Channeling Protest: The Case of the Three Gorges Dam

by Ying Xing, China University of Political Science and Law, Beijing, China

In contemporary Chinese society, when conflict arises between officials and ordinary people, there are four major ways for people to seek remedy – class action, group petition, on-the-spot resistance, and collective riot, the combination of group petition and on-the-spot resistance being the most common. I will analyze the legal remedy pursued by those displaced by China’s Three Gorges dam in the first class-action lawsuit known as the “Case of He Kechang.”

846,200 people were resettled in the Three Gorges reservoir area, of which 361,500 were from rural areas. There has been a group petition of peasant farmers from YunYang County, Chongqing Municipality since 1997. The petition of Mr. He Kechang, the representative claimant, has gone through four stages.

From the Petition of Ten Thousand People to the Commencement of a Group Petition: October 1997 to March 2000. In July 1997, the county government of YunYang began an experimental project on the displaced population. When the local government announced the low levels of compensation, it aroused much disturbance among the displaced. The peasant farmers of the area decided to send letters directly to the central government.

The petition signed by 10,000 people led senior officials and cadres from Chongqing and the central government to send a joint working group to YunYang County. However, they concluded their investigation by denying there was “insufficient compensation for the displaced,” it was just a misunderstanding of the representatives of the displaced population who were also faulted for bypassing the head of the local leadership. He Kechang and the other representatives were so dissatisfied with this outcome that, from 1998 to 2000, they wrote several letters to Beijing, paid two petition visits to Beijing and many to Chongqing, but none of them were answered.

Group Petition and the Escalation of Local Mobilization: March 2000 to March 2001. In May 1999, the State Council decided to change the Three Gorges resettlement policy so that peasant farmers would no longer be settled locally but in faraway places, which aroused another wave of opposition from the displaced population of Yun Yang. Led by He Kechang the displaced population combined a number of strategies: face-to-face confrontation and argument with local functionaries; improving organization; acquainting themselves with policies and disseminating information about resettlement; increasing the intensity of petitions both through letters and visits to Beijing; and communication with foreign media.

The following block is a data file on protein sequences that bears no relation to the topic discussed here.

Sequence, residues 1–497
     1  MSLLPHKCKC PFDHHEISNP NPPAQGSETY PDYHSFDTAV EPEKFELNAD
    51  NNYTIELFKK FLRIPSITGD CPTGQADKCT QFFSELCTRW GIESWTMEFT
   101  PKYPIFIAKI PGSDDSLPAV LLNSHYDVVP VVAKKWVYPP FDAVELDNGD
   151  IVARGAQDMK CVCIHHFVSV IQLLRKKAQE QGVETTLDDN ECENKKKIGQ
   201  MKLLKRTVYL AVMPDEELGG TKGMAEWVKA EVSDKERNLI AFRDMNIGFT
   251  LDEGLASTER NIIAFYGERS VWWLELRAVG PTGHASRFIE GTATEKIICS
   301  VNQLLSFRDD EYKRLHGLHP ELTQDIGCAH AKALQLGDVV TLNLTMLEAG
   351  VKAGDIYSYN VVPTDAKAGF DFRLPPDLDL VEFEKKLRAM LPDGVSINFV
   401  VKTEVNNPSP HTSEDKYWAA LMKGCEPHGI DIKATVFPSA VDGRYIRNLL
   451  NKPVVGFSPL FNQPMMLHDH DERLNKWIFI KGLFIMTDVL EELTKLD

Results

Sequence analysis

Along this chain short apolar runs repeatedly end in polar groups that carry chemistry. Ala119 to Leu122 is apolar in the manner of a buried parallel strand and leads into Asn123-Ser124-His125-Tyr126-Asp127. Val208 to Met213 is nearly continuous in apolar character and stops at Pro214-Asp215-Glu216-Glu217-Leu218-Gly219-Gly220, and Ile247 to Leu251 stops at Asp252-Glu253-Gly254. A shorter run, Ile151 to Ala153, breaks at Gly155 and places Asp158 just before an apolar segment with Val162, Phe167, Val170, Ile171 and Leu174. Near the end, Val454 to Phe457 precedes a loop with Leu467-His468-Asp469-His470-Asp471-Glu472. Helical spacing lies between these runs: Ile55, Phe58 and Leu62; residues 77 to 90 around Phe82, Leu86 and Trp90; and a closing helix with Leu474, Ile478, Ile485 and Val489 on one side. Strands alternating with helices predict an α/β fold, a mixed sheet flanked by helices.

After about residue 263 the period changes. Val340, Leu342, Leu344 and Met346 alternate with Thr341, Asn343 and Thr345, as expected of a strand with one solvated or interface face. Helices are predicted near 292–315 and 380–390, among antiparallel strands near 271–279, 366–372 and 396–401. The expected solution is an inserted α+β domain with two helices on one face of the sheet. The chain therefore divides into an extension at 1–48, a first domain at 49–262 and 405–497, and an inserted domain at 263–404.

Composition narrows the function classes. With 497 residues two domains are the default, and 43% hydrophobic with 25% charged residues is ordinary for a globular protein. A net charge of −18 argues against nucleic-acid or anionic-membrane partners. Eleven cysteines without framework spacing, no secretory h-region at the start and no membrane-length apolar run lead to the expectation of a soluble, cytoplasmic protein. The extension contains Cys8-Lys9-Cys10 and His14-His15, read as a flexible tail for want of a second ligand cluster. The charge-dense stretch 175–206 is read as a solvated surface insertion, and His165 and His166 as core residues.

Adversity of Imprisonment: March 2001 to March 2004. In March 2001, He Kechang and two other representatives made another trip to petition Beijing. Chongqing local government arrested the three representatives in Beijing. Later on, the People’s Court of YunYang County declared the Resettlement Investigation Organization was challenging the government resettlement plan, and sentenced He Kechang to three years in prison and the other two representatives to two years in prison for “assembling to disturb the peace.” This was the first time Three Gorges petitioners were sentenced to imprisonment, and the fate of YunYang peasant farmers became an international concern.

An Endless Battle: March 2004 to Now. On 11 March 2004, He Kechang was released after serving his sentence. Although he underwent intense physical torture in prison with his legs broken and hands deformed, and his property confiscated in August 2002, still his fighting spirit remained. After his release, he refused to collaborate with the local government, and persisted in collecting information on the displaced population. He had entered an endless battle.

What we see in the case of He Kechang is a certain pragmatism in the choice of protest strategy, shifting between judicial and non-judicial remedies and even using them simultaneously. From the point of view of the displaced population, the division between rule-of-law and rule-of-man is of little importance. What is important is the practicality of the strategy in achieving a specific dispute resolution. They appeal to the courts not because they believe in legal justice, and they petition not because they believe in the integrity of senior officials. They adopt both lawsuit and petition as expedient approaches in the same way that those in power adopt each as expedient strategies of governance.

China, Volume 4, Issue 2

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